As we go through another total lockdown, we can’t help but to feel anxious about our finances. Many jobs, hours and wages have been lost with thousands of businesses having to pause operations or permanently close. When facing uncertain situations like these, it is only natural to have an anxiety response, but if your fear has become overwhelming and disruptive, it may be a sign of an anxiety disorder. 

 

Money-related anxiety can cause your stress to reach unhealthy levels. Like other forms of anxiety, it can affect your physical health and daily life, causing insomnia, loss of appetite or inability to focus. If left untreated, anxiety can also develop into depression. Below are some signs often related to financial anxiety:

 

Overspending

 

Fear Of Spending

 

Financial Denial

 

Compulsive Behaviour 

 

Whether you find yourself engaging in these behaviours, or are looking to develop a more positive mindset towards money, here are healthier ways for you to cope with financial anxiety:

 

Manage your debt

 

Automate important payments

 

Create a budget

 

Track your spending

 

Develop an emergency fund

 

Seek help 

Budgeting app, HeyAlfred, is here to help with this article!

 

Here’s a scary fact: did you know that more than 50% of Malaysians find it hard to raise RM 1,000 for emergencies? We all know we need to save money, but with rent, bills and day-to-day spending, saving money can sometimes take a back seat. However, it should be non-negotiable! Despite our financial commitments, having money set aside for emergencies and our future should be prioritised the same way as paying a bill – it HAS to be paid, on time, every month. If you’ve found yourself with some paltry sum in your bank account, scratching your head wondering where it all went this month, consider these steps:

 

Most financial advice will tell you to save 20% of your paycheck, but if you’re living paycheck-to-paycheck and struggling to save – start with 5%. One way to do this is by automatically setting up a direct deposit of 5% every time your paycheck comes in. This way, you’re building the habit first and can increase the amount once you’re in a more comfortable position. You can automate your savings at the bank or through saving platforms like Pod (via the HeyAlfred app). You can also consider increasing your EPF contribution, which could help you get your employer to match it. 

 

If you don’t know how much money you CAN save, you need to create a monthly budget – it’s not as scary as it sounds! Most of the time, our inability to save comes from the habit of overspending. With a budget, you can determine your monthly fixed expenses and variable expenses. From there, you’ll be able to see where most of your money goes, and what you can cut down on. Start by making a list of what you’ve spent on last month, then based on those numbers, set a budget for next month. For example: if you spent RM800 on food last month, try to reduce next month’s food budget by a little, say, RM750. If that was doable, try reducing it a bit more next month. Your budget will take trial and error – keep on tweaking it until you get it right. You can read more about how to create a budget here.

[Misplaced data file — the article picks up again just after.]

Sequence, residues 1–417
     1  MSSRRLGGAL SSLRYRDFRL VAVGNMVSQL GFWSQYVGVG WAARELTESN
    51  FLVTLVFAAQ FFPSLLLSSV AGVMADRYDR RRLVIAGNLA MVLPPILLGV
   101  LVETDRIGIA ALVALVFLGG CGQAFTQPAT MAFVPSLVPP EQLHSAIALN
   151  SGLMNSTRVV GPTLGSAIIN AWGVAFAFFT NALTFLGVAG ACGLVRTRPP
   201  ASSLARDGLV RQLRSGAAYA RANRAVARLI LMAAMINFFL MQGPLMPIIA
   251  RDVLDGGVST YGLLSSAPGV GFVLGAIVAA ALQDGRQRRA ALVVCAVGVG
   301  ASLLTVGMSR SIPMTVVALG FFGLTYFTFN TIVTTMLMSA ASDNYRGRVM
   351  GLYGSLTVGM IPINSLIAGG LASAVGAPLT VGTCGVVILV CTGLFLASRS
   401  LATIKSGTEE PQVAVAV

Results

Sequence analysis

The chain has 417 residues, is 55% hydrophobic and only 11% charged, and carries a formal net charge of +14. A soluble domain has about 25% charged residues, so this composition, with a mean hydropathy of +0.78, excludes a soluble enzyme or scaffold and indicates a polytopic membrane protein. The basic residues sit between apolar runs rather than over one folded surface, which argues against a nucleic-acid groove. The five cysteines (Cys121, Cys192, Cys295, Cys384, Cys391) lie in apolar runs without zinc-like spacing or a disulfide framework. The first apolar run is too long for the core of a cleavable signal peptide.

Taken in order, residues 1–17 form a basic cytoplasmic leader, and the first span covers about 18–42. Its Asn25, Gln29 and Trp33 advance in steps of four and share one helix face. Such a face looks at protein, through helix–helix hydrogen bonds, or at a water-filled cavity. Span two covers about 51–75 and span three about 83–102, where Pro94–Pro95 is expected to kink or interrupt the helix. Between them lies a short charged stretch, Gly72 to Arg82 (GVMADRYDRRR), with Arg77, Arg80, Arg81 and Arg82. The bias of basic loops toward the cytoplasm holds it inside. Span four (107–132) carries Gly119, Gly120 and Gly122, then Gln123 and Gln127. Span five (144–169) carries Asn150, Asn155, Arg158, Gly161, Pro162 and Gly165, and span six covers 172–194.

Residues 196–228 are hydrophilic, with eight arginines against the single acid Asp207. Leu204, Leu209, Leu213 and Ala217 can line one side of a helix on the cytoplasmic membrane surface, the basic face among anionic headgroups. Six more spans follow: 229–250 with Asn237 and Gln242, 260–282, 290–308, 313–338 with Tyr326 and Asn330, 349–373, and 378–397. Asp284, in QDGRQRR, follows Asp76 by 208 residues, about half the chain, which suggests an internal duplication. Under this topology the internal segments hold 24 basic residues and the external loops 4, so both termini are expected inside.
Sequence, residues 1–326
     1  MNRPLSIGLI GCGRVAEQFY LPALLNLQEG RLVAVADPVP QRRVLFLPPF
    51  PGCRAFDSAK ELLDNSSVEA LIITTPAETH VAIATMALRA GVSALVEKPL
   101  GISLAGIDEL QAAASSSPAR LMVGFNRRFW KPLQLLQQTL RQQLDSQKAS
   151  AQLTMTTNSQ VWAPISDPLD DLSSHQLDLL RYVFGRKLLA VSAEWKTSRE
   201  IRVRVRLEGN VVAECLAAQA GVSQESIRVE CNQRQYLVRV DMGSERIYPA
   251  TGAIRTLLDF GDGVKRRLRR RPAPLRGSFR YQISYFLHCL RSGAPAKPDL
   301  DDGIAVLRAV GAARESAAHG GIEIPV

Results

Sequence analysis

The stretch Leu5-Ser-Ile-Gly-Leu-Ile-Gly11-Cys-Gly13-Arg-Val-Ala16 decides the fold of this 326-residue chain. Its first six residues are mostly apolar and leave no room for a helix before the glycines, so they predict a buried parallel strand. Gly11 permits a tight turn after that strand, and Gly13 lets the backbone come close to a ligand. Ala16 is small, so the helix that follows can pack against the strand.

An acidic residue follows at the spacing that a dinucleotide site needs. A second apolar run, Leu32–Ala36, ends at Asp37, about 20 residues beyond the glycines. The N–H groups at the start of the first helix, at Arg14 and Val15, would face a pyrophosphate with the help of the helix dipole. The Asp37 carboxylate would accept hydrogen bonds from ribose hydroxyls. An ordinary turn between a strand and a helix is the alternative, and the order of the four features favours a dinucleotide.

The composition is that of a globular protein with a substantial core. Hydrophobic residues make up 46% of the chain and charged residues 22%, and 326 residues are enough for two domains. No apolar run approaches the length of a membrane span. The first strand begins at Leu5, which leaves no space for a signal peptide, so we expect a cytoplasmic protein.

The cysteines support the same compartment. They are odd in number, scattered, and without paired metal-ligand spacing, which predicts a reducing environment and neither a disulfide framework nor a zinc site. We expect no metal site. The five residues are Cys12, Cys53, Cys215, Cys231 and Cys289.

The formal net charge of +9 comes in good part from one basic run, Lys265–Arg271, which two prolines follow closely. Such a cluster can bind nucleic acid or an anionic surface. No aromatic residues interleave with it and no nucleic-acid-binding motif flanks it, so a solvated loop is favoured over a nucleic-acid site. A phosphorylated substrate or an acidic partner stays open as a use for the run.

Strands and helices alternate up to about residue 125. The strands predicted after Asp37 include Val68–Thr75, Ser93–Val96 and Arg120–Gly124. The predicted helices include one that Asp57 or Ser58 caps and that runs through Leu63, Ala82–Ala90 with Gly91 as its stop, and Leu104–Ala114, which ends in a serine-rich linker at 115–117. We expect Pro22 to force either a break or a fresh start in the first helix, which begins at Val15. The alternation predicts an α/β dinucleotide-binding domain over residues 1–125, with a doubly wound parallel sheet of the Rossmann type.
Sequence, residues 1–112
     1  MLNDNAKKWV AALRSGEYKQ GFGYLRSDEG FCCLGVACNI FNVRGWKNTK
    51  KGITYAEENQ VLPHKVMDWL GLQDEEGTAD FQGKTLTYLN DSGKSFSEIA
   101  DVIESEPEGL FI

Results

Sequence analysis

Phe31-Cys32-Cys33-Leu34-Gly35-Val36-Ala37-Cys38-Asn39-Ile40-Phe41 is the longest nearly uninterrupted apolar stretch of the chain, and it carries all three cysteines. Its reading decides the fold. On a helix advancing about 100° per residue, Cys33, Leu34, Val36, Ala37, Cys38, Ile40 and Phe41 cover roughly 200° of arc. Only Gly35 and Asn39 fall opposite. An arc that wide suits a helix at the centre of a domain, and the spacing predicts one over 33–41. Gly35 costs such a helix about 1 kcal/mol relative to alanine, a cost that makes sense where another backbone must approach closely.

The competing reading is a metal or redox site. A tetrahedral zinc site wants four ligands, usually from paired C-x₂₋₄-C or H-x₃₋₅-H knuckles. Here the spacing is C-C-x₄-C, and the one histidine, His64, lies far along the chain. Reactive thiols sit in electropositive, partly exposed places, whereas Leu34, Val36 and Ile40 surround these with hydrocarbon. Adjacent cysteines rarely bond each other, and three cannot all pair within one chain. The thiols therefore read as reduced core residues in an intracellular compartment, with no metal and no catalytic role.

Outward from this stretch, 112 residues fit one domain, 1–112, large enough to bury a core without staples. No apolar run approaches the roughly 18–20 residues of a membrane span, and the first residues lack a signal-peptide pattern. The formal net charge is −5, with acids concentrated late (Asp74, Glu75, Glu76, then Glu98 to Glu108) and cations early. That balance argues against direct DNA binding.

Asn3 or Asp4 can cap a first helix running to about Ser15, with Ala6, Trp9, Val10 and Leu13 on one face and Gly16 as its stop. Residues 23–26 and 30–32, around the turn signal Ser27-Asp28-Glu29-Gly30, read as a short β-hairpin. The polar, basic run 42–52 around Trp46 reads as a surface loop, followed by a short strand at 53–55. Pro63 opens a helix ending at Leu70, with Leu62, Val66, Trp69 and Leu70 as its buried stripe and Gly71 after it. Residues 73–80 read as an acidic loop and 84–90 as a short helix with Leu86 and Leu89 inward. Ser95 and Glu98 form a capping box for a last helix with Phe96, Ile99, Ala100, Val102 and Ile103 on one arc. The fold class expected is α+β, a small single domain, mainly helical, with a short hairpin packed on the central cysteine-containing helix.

When you separate the money you’re saving from the money you spend everyday, you won’t be tempted to spend it all. This makes sticking to your budget more fool-proof too! Put the amount you’re allowed to spend into a spending account and monitor it closely – if it’s dipping low, it’s a sign that you need to reel back on spending not reach into your savings. At the end of each month, transfer any extra money leftover from your spending or checking account into your savings account.

 

Anytime you have a little bit of money left, SAVE IT. Even if it’s just RM 1 or 50 sen – put it into your savings because believe it or not, it counts! Each increase in your savings will bring you closer to financial independence, and the younger you are, the MORE these little amounts count. Because of compound interest, the longer your money has to grow, the larger your returns will get.

 

Remember to put your money in a savings account that has a good interest rate (check out rates here). You can also look into property or other ways to invest your money and grow your savings. If you’re looking for a fun way to save, with accountability buddies, join HeyAlfred’s Simpan Challenge! Save RM 1,000 in a month and WIN cash rewards for a job well done. Join the challenge now.

 

NOTE: If you are struggling to follow these steps due to a low-paying job, or any unfortunate circumstances, saving money may take more work than what is listed here. This could involve taking on another side gig, or talking to the people at AKPK when facing serious debt.